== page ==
Being a writer—being in any kind of creative pursuit, honestly—is an exercise in dealing with fear and doubt. Constantly struggling against that little voice inside your head that says “You can’t do this. Why are you even trying?”
And the fears don’t end as you progress down your creative path. With every fear and doubt you face and overcome, there’s a new one waiting just around the corner, ready to rear its ugly head and set you right back to where you started.
For some reason, I thought getting past the early stages of my writing career would mean getting over my fears. I no longer worry about finishing stories; I know I have what it takes to complete multiple drafts of the same novel. I no longer fear my writing isn’t good enough; I’ve had too many people (both amateur and professional) tell me that I’m a strong writer.
But the middle years have brought a new set of fears, ones I didn’t think I’d have to deal with when I was starting out.
I fear my ideas are too cliché to sell.
I never thought my ideas would be something I was worried about, but after getting three different stories back from a contest with the same piece of criticism on each one—too predictable, too cliché, nothing to make it stand out from the thousands of other stories of the same stripe—I was shaken.
And this is a problem, because I like tropes. I like the Hero’s Journey and Secret Princess stories and all sorts of stories that could be considered cliché. Logically, I know it’s just a matter of tweaking those stories to tell them in a new way, but I’m still afraid. What if I can’t?
I fear the query process.
But not really for the reasons you might think. I’ve done research. I have lists of agents to send to. I have a query letter and a synopsis that really just need another once-over, and a draft that just needs the last half to be polished. But I haven’t been able to bring myself to finish the draft and start the query process.
Because once I do, things are going to change. Either no one will want my novel and I’ll have to start the entire process over for another story (potentially another several years of work), or someone will and I’ll be down an entirely different rabbit hole, a process I’ve read about but have never experienced myself. And there are days I think I’m just as scared of success as I am of failure.
Where I am right now, in the pre-query limbo, all the possibilities are still open. They’re all still there. But sooner or later, if I want to be published, I’m going to have to take that step. And that scares me.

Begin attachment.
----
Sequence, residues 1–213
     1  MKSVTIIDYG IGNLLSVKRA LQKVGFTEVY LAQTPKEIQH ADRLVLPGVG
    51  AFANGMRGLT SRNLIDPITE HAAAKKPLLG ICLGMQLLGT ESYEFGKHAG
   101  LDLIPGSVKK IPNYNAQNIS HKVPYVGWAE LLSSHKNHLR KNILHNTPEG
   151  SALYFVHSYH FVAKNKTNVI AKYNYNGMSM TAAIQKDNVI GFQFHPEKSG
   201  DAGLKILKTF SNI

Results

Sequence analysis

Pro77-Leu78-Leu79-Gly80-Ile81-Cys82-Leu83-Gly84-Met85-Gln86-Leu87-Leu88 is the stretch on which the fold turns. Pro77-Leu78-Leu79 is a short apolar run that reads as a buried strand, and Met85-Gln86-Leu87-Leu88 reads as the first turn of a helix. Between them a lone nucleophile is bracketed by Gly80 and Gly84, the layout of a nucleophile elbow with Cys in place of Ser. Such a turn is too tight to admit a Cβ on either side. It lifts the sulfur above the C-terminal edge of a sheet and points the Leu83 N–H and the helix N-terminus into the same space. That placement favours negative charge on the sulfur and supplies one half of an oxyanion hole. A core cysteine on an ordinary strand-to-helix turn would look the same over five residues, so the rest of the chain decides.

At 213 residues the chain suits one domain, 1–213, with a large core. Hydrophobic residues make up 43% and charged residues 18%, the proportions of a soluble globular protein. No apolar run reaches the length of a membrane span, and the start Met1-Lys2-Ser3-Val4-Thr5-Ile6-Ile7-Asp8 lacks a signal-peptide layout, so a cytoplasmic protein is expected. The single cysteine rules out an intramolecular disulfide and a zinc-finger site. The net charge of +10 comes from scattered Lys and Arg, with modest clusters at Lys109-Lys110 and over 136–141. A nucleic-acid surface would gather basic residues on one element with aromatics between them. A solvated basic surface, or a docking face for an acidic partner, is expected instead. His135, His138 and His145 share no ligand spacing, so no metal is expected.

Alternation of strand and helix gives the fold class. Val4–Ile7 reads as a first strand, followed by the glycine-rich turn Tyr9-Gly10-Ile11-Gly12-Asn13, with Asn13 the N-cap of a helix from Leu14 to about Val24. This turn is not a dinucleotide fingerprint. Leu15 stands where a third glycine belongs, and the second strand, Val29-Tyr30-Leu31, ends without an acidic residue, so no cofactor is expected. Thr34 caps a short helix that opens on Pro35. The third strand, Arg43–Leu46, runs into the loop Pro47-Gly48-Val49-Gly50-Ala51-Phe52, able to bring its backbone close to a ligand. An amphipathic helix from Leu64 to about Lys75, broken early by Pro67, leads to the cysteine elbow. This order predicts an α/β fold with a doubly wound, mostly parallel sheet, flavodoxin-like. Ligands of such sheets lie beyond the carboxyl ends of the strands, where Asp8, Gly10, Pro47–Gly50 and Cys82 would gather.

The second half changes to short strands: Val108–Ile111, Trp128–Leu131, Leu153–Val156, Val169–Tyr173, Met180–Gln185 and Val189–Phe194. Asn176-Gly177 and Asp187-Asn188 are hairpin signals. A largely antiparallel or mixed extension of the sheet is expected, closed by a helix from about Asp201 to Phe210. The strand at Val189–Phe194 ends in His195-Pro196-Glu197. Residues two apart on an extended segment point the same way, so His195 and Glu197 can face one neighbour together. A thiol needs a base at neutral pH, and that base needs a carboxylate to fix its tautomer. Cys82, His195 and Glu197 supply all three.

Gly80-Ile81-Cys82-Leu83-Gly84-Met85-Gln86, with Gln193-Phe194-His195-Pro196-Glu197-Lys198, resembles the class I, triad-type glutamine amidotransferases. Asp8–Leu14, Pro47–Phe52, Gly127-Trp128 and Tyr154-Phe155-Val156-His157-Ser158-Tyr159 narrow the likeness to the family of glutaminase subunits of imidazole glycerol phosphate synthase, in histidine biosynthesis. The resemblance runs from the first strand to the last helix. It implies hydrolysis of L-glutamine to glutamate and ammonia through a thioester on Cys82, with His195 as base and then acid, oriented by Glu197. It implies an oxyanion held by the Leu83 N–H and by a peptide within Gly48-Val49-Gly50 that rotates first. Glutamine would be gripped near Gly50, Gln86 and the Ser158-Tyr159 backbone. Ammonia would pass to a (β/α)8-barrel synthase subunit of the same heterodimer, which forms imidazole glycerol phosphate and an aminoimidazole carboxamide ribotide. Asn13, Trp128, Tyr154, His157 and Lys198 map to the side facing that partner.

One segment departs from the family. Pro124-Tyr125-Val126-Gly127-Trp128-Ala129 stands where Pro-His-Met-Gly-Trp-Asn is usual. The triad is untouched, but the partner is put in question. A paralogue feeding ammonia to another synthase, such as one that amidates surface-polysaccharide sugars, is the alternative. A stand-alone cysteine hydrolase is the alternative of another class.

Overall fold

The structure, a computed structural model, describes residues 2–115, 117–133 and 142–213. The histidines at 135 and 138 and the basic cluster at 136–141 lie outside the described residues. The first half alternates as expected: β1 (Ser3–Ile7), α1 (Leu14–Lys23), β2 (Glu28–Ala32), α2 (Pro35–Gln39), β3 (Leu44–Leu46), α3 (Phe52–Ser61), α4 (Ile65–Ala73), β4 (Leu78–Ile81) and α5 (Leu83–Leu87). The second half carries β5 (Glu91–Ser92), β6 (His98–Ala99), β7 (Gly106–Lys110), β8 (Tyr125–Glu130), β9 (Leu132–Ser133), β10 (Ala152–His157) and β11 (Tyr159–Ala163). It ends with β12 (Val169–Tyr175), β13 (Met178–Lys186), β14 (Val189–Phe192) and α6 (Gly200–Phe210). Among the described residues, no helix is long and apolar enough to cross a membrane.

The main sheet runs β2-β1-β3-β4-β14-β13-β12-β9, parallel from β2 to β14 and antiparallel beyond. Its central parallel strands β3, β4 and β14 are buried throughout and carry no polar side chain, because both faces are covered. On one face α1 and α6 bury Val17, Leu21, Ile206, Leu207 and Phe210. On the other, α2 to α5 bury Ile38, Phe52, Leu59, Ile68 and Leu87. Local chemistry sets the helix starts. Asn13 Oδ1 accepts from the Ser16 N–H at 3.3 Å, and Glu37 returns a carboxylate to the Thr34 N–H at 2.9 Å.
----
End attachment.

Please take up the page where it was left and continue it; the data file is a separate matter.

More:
I fear hurting people with my story.
Over the past few years, I’ve learned so much about diversity—things I never even considered as a relatively sheltered kid growing up in southern Oklahoma. And one of the things I’ve realized is that representation in media is absolutely vital, but it’s also all too easy for writers—particularly writers who aren’t part of a marginalized group—to write stories that reinforce stereotypes and just add a heap of terrible representation onto people who already have very little to begin with.
I know my stories won’t appeal to everyone, but I want to include as many people as I can. I want to be able to reach out to others and say “Here, look! You can have adventures too!” But I also know my own ignorance, and I fear that in my efforts to be inclusive, I’ll end up hurting people from stuff I don’t know, no matter how much I research. And good intentions do not protect you from criticism in that regard.
I fear no one will want to read my stories.
I think this one kind of speaks for itself. Even if I get an agent (or, conversely, decide to self-publish), I’m afraid no one will want to read my stories. Even though I tell myself if I want to read a story, then surely someone else out there will want to, the chances of my story making it into those people’s hands is quite possibly laughably small. And I’m afraid no publisher or agent will want to take a chance on me.
It seems ridiculous now that I thought I’d get past all my fears and worries as soon as I reached a certain point in my writing journey. Hell, Neil Gaiman himself said, at a talk here in Tulsa early last year, that he reaches about 3/4 through every project where he’s convinced he’s an utter fraud and calls his agent to let them know.
So I guess this means that, no matter how far I am down this road, I’ll be battling fears, doubts, and insecurities. And each time, I will take a deep breath and slowly fight my way through them, with the help of my friends and my faith.
Because I do want to be a professional writer, and I’m not going to let my fears stand in my way.